J. Katelyn Kye, managing director of Major Lindsey & Africa
Many Asian American attorneys are finding they may have excelled in law school and were able to land their first job, but their careers are not moving forward the way they would like.
It has been described as a “bamboo ceiling,” and on May 14, 2014, Vedder Price, a well-known general practice law firm, and Major, Lindsey & Africa, a national recruiting organization for law firms and corporate legal departments, are trying to do something about it. They are hosting a networking and roundtable discussion for Asian American general counsel at Vedder Price’s Chicago office.
It is the first such roundtable discussion held by the organization and will feature Asian-American GCs from the Midwest. It will provide both networking opportunities and an open dialogue about how to further the cause of the Asian-American attorney community. Attendance for the event is by invitation.
To understand some of the issues, Asian Americans in the legal profession have talked about how they excelled in school – be it elementary, middle or high school or college – as well as in law school, but their career paths may tell another story.
The numbers show there is room for improvement as far as the number of Asian American general counsel. Last year, a Minority Corporate Counsel Association (MCCA) survey of Fortune 500 companies showed that only 13 general counsel at Fortune 500 companies were Asian American, which translates to 2.6 percent. When it comes to the Fortune 1000, only 1.8 percent of GCs are Asian American. There are also statistics from the National Association for Law Placement (NALP), which show that while Asian Americans were getting hired as associates at law firms -- they represent 10.5 percent of associates at law firms included in the survey -- just 2.7 percent were partners. The percentages among Asian Americans making it to partner were lower than the percentages of African American or Hispanic attorneys who made it from associate to partner.
In addition, there are perceptions that Asian Americans who work in the legal field do not like to self-promote or take risks. Among the topics that could come up at the roundtable are offering more mentoring for Asian American attorneys, providing legal work to Asian American attorneys in law firms, and hiring more Asian Americans in corporate legal departments.
J. Katelyn Kye, managing director of Major Lindsey & Africa, expects there will be a “candid and robust dialogue. We all have shared experiences.”
One general counsel who will take part in the roundtable is Cathy Tang, chief legal officer for KFC Corp. She is the daughter of immigrants from Taiwan. After graduating from the University of Texas and the University of Louisville Law School, she worked in litigation for a law firm in Louisville, before getting recruited into KFC’s legal department. She later worked for Dell Computer, before heading back to KFC.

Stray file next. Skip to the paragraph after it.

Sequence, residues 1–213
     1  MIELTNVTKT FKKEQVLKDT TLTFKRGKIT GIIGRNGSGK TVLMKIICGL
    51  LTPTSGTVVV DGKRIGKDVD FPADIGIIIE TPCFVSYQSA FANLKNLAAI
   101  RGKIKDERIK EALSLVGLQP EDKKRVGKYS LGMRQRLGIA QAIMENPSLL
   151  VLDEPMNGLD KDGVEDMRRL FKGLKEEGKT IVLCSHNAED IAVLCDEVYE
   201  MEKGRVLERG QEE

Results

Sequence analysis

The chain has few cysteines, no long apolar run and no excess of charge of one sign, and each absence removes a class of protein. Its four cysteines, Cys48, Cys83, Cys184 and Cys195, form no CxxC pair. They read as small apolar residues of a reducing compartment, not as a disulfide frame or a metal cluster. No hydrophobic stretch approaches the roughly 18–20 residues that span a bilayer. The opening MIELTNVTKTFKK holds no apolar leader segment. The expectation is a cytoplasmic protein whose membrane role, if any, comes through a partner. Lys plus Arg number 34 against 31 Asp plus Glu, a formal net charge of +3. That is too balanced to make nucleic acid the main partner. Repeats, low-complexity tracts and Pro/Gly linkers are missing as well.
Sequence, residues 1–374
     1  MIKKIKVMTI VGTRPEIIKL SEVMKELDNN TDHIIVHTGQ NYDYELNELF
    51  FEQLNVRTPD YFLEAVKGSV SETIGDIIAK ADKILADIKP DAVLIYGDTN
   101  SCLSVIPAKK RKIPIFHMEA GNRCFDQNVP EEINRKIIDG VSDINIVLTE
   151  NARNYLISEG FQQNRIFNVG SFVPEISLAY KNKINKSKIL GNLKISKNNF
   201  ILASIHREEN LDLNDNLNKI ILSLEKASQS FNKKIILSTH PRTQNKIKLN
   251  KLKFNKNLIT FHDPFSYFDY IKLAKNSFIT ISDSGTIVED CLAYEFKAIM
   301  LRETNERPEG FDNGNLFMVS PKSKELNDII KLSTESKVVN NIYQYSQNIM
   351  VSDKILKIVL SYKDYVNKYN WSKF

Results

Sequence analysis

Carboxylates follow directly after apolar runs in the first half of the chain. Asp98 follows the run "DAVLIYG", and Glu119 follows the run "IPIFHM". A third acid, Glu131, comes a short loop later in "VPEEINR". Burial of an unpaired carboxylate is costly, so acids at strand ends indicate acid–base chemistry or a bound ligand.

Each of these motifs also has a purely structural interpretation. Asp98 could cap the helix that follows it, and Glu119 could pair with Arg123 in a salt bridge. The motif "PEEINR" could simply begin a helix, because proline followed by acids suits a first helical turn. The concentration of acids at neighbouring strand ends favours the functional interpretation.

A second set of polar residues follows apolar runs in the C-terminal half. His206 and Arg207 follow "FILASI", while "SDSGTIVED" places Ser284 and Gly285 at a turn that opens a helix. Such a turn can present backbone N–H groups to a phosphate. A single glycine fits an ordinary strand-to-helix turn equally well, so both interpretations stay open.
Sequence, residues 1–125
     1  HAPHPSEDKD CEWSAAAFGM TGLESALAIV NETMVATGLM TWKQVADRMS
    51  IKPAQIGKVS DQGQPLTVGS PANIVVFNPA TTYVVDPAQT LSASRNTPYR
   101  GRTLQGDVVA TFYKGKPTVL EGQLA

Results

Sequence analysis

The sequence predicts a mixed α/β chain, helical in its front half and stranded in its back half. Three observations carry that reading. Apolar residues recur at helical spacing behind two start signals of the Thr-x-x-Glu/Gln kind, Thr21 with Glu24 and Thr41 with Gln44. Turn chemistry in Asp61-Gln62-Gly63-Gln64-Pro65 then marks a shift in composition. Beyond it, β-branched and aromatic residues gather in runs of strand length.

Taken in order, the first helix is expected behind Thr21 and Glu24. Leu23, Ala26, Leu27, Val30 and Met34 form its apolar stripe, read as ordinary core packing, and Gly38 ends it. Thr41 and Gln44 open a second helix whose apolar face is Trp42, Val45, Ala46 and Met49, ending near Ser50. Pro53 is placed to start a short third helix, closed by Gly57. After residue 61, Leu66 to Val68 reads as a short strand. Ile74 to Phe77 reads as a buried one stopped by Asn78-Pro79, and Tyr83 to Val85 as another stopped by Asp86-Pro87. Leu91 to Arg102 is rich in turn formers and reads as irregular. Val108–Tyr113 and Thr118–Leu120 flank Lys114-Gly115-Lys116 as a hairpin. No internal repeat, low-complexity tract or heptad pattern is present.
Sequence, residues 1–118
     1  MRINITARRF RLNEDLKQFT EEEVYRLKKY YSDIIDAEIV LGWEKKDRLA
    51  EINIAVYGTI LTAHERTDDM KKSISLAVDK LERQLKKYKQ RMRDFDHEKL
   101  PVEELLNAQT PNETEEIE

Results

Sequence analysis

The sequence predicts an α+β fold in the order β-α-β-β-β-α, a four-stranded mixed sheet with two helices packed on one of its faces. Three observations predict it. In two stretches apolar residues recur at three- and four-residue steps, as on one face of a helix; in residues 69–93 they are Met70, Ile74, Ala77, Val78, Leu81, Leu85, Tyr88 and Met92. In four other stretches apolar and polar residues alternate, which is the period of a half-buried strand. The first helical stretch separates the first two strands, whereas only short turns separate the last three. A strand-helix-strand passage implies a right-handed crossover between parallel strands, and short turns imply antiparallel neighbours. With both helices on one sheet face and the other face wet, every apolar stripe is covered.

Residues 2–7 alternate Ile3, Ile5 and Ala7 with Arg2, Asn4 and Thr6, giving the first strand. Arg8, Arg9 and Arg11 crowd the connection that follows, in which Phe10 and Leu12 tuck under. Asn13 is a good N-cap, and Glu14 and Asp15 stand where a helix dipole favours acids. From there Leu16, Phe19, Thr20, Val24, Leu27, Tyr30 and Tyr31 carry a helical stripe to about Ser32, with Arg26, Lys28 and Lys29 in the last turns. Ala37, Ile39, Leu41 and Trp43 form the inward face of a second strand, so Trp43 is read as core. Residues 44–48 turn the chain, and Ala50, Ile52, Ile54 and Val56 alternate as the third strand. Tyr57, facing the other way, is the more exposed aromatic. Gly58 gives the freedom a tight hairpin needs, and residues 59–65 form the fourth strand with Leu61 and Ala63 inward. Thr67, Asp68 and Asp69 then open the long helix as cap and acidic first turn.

“I’ve been very blessed in my career to have mentors and sponsors along the way,” Tang recalled in a recent interview. That was the case despite at times being virtually the only Asian American at the offices where she worked.
She says Asian American attorneys can get typecast in certain areas of law. They may find opportunities in intellectual property or work for a company that does business with China or another Asian nation. And while it is good to have opportunities in these fields, it may limit careers. She says there is talk in the field among Asian American attorneys of a “bamboo ceiling.” There are, for instance, not many Asian Americans who have made managing partners or who serve on management committees at law firms. There are also a limited number of Asian Americans in the federal judiciary.
“Asian Americans are sort of the forgotten minority,” Tang said. “The Asian American lawyers are seen as successful, but it depends on how you define success.”
She says events like the General Counsel Roundtable are needed, with more opportunities for networking, nurturing and mentoring. Organizations give Asian American attorneys a way to discuss barriers or perceptions and a way for veteran attorneys to help those who are earlier in their careers, she adds.
Also, now that she has been at her current job for a while, she finds she is able to more openly discuss with colleagues some characteristics of the Asian culture. It can be hard to do that for an attorney early in their career, she confirms.
But with her level of experience she was able to open up during a recent interchange with work colleagues. KFC had set up a meeting to encourage employees to break down barriers and deal with perceptions. She spoke about the need to defer to authority and a reluctance to speak up at work. She urged her colleagues to “challenge” her and to push her to be more vocal. She knows they value her opinions – but felt she needed that push so she was more likely to interject her thoughts.
“You have to learn some of these skills,” Tang said, adding that if they are not acquired it becomes much harder to make it to the next level in a career path.
From her own experience, she said she has been fortunate, “I don’t feel I have been typecast.” And she has supportive colleagues – as well as a supportive family. Now, she wants to help others in their careers.
Looking ahead, the roundtable could become an annual event as Asian American attorneys continue to talk about diversity issues. “We’re trying to create an affinity group among Asian American leaders,” said Joseph H. Kye, shareholder at
Vedder Price, where he specializes in mergers and acquisitions. He is a member of the firm’s diversity committee and has been on the firm’s hiring committee.
For more information about the activities of the Asian American General Counsel Roundtable contact Sonya Olds Som, managing director at Major, Lindsey & Africa.